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Amazon reports 'measurable progress' on worker safety: Critics object

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Amazon's safety data shows a decline in its warehouse injury rate in 2023, marking an improvement for the second consecutive year, but critics disagree with how the company measures its worker safety.

Amazon says the numbers point to a year of "meaningful, measurable progress," as it continues to bring its injury rate down with investments in new technologies, training and "safety professionals."

But two labor advocacy groups say the company's numbers don't tell the full story and still show that workers inside Amazon are at a dangerously high risk of injury.

"This is no great cause for celebration—improvement from a horrific injury rate … to a merely horrible injury rate," said Irene Tung, a senior researcher and policy analyst at the nonprofit National Employment Law Project.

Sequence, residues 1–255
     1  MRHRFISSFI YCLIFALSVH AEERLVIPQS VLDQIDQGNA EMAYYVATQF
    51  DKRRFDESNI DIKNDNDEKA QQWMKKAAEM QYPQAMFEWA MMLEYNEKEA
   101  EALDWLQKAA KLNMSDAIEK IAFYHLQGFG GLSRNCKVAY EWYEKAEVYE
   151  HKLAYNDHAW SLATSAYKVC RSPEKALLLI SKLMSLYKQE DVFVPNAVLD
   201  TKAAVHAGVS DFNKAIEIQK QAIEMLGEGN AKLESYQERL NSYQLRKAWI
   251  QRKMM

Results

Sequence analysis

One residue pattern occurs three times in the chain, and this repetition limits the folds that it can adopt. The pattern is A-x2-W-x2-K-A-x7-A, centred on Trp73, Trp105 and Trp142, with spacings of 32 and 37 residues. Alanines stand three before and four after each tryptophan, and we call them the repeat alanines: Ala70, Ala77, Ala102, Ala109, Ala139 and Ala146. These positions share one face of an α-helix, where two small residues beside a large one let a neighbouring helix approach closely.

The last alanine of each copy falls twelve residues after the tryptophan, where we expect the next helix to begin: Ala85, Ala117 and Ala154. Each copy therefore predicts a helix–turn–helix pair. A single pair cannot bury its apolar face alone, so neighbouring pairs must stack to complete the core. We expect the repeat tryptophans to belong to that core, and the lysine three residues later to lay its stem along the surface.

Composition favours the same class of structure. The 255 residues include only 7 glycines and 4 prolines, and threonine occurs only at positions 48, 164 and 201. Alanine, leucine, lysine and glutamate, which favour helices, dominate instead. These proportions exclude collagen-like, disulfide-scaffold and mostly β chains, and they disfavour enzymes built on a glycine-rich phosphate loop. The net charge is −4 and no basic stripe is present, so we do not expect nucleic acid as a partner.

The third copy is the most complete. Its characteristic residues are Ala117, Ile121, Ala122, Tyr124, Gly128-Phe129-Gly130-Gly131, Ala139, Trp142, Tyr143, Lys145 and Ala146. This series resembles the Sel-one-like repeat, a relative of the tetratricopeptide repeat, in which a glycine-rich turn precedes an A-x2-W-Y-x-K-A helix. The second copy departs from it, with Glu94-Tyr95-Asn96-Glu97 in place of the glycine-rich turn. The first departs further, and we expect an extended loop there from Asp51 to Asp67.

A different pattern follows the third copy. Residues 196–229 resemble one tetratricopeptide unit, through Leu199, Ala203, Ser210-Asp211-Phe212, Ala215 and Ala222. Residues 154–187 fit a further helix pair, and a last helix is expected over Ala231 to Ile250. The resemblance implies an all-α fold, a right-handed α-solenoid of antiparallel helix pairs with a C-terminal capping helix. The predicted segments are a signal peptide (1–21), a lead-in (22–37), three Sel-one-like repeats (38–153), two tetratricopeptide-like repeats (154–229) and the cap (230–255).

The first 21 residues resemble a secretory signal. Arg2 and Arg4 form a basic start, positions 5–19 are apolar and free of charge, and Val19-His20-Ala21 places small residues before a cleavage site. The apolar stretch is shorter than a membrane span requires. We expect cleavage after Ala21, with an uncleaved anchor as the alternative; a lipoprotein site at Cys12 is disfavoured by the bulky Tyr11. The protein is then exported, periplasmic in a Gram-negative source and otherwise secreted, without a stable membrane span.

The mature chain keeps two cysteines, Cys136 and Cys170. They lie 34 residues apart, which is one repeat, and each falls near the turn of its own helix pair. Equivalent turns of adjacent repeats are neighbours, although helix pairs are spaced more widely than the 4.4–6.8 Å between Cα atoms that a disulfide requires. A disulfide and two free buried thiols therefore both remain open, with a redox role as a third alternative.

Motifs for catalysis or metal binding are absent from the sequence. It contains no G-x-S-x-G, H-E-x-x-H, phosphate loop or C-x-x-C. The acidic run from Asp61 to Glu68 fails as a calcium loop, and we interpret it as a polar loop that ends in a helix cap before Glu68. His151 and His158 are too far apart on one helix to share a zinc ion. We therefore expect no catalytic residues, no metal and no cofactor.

The Seattle-based e-commerce giant's recordable incident rate—a calculation of any work-related injuries that require more than basic first-aid treatment, according to Amazon—improved 8% from 2022 to 2023, based on the company's annual safety report released last week.

In 2023, it reported 4.7 injuries per 200,000 working hours at its global facilities, compared with 5.1 injuries per 200,000 working hours the year prior.

That marks a significant decrease from 2019, one of the first years of data Amazon released publicly. That year, Amazon recorded 6.7 injuries per 200,000 working hours globally. That number dropped in 2020 to 5.1 before spiking again to 5.7 in 2021.

Looking only at Amazon's U.S. facilities, the injury rate is higher. In 2019, Amazon recorded 8.7 injuries per 200,000 working hours in the U.S. By 2023, that number dropped to 6.3.